If Romney can win FL, OH and NC, he will only need to win just 13 electoral votes from some combination of these swing states: WI (10), PA (20), and VA (13).

WI (10 electoral votes): I believe it won’t be an easy task for Mitt Romney to win WI for several reasons. First, Governor Walker is facing a tough recall election although he is leading at the moment. If he survives the recall, perhaps he may be able to pull Romney up as well. On the other hand, this state was lost to Obama in 2008 by a hefty 13.9%. And, Obama was ahead of Romney by 11% on latest Rasmussen Reports poll (3/27). However, the poll was taken before Romney’s win in WI Republican primary. In any way, it may be difficult for Romney to score a win here. Despite rumors that Paul Ryan may become the VP candidate, I don’t think that will become reality for 2 reasons: it’s more important to have Paul Ryan in Congress to work with a President Romney in budget; and even with Paul Ryan on the ticket, it may not help Romney to win WI anyway.

VA (13 electoral votes): latest poll by Roanoke College (3/26-4/5) showed Romney in front by 5% in a state that Obama won by 6.3% in 2008. In the poll, on the direction of the country, 71% thought the country was headed in the wrong track – versus 23%. The top 4 most important issues are: economy (34%), unemployment (19%), budget deficit (7%) and gas prices (6%).  President Obama’s favorable rating in this poll was poor – 49% favorable versus 40% unfavorable. People are mostly unhappy with Obama. Again, can’t emphasize enough that Romney needs to keep talking and discussing about economy, unemployment and budget deficits. This state looks lightly red now.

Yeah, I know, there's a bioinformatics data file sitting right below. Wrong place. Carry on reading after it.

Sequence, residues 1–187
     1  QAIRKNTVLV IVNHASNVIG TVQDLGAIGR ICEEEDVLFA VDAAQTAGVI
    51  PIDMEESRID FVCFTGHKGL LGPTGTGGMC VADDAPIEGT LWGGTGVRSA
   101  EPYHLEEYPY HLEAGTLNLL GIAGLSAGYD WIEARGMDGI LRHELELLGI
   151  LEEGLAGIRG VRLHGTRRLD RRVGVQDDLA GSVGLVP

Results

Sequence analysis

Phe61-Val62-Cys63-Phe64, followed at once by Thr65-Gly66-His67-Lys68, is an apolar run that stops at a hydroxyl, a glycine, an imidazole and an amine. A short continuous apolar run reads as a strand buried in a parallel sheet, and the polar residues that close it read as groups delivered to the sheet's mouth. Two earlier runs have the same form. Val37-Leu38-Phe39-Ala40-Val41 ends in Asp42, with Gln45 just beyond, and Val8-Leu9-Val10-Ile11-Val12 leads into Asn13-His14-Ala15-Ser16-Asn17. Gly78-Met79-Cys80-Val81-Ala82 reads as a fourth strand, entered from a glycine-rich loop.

What are the effects of Obama’s support of gay marriage? In 2008, Obama won 92% of the African-American voters—a group that was 20% of total voters—and 65% of the Hispanic/Latino voters (a group of 5% of total voters). If more than a third of these 2 groups change their decision about Obama in November because of the gay marriage issue, Romney would be able to win this state easily.